Mark continued the work of his Boston College predecessor and former student, Marilyn Heskett, by training interns in the Bookbuilders of Boston internship program.  Bookbuilders of Boston, founded in 1937, has a membership representing all facets of the book industry: editing, design, production, manufacturing, and marketing. This organization has created a scholarship fund to support, encourage, and promote publishing related education. Participating schools, such as Boston College, award the scholarships to students who plan to pursue careers in the industry.

Committed to Craftsmanship:  Conservation Bookbindings by Mark Esser is on display at the Burns Library through January 16, 2015.  The exhibit is open whenever the Burns Library is open.  Check the BC Libraries hours page for the Burns Library’s open hours.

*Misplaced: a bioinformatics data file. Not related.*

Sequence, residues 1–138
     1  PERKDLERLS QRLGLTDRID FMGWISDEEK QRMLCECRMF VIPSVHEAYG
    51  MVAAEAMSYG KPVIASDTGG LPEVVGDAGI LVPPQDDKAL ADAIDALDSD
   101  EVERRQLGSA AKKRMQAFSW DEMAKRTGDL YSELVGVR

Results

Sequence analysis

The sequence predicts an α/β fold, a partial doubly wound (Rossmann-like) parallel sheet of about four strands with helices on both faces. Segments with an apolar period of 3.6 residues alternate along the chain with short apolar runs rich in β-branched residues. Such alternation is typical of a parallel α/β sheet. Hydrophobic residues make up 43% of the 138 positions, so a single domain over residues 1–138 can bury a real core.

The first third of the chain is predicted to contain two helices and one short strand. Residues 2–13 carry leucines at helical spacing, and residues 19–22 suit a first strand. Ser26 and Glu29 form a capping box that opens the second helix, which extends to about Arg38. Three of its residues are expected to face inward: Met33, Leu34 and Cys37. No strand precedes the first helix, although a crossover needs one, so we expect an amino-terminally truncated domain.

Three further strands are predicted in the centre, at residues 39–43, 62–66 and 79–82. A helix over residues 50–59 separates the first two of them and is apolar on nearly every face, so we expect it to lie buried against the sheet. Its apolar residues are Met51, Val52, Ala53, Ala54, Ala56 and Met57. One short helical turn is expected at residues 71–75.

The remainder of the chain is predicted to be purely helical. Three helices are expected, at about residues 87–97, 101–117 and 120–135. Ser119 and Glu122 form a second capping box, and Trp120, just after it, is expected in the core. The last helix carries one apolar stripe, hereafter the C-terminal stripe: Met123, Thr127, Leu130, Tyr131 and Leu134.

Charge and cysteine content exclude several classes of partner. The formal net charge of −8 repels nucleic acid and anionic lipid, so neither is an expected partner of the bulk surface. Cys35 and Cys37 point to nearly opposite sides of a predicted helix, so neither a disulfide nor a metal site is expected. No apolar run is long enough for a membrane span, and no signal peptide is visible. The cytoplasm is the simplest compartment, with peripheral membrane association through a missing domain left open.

Barbara Adams Hebard, Conservator, John J. Burns LibraryBarbara Adams Hebard, Conservator, John J. Burns Library, Boston College

About John J. Burns Library of Rare Books and Special Collections at Boston College

The University’s special collections, including the University’s Archives, are housed in the Honorable John J. Burns Library, located in the Bapst Library Building, north entrance. Burns Library staff work with students and faculty to support learning and teaching at Boston College, offering access to unique primary sources through instruction sessions, exhibits, and programming. The Burns Library also serves the research needs of external scholars, hosting researchers from around the globe interested in using the collections. The Burns Library is home to more than 200,000 volumes and over 700 manuscript collections, including holdings of music, photographic materials, art and artifacts, and ephemera. Though its collections cover virtually the entire spectrum of human knowledge, the Burns Library has achieved international recognition in several specific areas of research, most notably: Irish studies; British Catholic authors; Jesuitica; Fine printing; Catholic liturgy and life in America, 1925-1975; Boston history; the Caribbean, especially Jamaica; Nursing; and Congressional archives.